Platform for Design: a picture of Crossrail in which everyone has to be slim

Platform for Design - High Pearman - book coverPlatform for Design, Hugh Pearman’s book about the design work that is going into the stations and trains for Crossrail to ensure the stations are efficient, pleasant and long-lasting, is at times a frustrating mix of the fascinating detail and boilerplate design brochure speak.

There is much to enjoy and be impressed by as the book shows the care being taken over design details, revealing also the subtle (and otherwise most likely missed) links between many of them and the local history of the station where they are located.

People who have lived through the farce of the roll out of indicator boards on the London Underground which were often obscured from view by other signs will also be glad to find the care being taken to ensure clear views of signs and to minimise clutter on platforms.

Wrapped around this information is the sort of conventional design jargon and formalities found in many a brochure pitching a development plan. Transformed urban spaces restoring civic pride with enhanced urban focus are promised and regularly illustrated. All, of course, without the bins, traffic lights and other realities of life which are – as with guttering and drainage pipes on CGI renderings of property developments – the profession’s standard omission from such imagery. (Although, curiously, one house in this book is blessed with being allowed to show a drainage pipe down its side.)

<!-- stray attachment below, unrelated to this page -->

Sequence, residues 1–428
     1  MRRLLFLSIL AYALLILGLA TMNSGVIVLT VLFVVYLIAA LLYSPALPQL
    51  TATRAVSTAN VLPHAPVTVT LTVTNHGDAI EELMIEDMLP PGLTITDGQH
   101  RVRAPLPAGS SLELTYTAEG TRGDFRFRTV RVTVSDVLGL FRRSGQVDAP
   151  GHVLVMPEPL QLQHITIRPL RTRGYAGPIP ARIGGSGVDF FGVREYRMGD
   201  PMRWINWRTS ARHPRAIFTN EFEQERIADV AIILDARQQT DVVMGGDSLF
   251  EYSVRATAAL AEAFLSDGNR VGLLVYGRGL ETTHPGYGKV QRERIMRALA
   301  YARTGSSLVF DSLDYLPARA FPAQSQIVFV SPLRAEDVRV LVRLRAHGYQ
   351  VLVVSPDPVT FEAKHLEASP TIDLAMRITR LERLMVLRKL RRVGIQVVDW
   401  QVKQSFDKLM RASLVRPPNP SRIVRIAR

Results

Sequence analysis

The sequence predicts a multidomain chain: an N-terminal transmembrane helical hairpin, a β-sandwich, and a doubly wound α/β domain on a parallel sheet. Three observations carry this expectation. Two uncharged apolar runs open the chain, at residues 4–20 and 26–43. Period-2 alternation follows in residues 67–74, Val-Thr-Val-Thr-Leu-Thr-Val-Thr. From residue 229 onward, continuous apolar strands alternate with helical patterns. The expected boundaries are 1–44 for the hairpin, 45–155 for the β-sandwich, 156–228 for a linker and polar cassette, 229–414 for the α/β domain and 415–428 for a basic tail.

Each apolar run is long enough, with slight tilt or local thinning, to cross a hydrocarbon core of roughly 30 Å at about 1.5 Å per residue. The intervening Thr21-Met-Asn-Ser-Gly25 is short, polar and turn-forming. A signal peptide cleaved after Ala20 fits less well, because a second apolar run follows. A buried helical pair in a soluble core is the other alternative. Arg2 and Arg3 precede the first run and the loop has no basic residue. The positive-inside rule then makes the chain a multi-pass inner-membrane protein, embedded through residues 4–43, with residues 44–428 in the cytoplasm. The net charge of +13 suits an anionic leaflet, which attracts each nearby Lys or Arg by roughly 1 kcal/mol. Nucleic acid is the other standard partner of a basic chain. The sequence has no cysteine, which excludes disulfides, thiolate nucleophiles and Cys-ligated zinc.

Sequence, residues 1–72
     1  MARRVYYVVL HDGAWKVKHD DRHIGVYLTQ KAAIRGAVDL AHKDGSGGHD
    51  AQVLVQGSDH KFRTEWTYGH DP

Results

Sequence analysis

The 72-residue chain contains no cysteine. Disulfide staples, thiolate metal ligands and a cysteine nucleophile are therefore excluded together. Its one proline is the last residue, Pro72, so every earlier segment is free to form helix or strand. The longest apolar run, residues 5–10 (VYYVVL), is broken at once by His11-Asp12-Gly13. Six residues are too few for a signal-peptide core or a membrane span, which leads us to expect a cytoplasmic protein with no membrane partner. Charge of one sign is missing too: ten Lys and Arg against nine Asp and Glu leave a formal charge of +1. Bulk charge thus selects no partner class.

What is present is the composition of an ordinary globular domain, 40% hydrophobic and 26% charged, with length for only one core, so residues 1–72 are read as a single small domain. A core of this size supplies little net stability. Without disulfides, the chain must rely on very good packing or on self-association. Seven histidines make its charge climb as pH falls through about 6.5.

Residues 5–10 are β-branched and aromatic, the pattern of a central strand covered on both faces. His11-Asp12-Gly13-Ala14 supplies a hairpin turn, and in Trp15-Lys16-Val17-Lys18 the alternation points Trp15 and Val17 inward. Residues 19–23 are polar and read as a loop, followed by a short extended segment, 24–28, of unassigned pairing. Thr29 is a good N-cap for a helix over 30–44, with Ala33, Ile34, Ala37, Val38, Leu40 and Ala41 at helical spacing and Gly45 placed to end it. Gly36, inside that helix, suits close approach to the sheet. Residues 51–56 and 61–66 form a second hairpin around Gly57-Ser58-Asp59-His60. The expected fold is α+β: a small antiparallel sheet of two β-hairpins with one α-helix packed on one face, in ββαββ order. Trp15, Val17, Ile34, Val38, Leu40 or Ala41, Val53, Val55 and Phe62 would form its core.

One particular oddity about the design brochure conventionalities is the waistline of the people who populate the book. It is stuffed with high quality colour images of what new stations and platforms will look like. These are populated by a carefully balanced range of people – all ages, genders, races and levels of physical mobility or eyesight are there. Yet they are also slim. It’s a multicultural world of people using Crossrail, as long as you are below average weight – an omission is all the more striking given the care that has gone into making the figures balanced in all sorts of other ways. As with bins and traffic lights, normal waistlines do not exist in this world.

If you like this, you might also be interested in Helvetica: the film about a font.

Got a view on this review? Then please rate it on Amazon.

Buy Platform for Design by Hugh Pearman here.


Leave a Reply

Your email address will not be published.

All comments and data you submit with them will be handled in line with the privacy and moderation policies.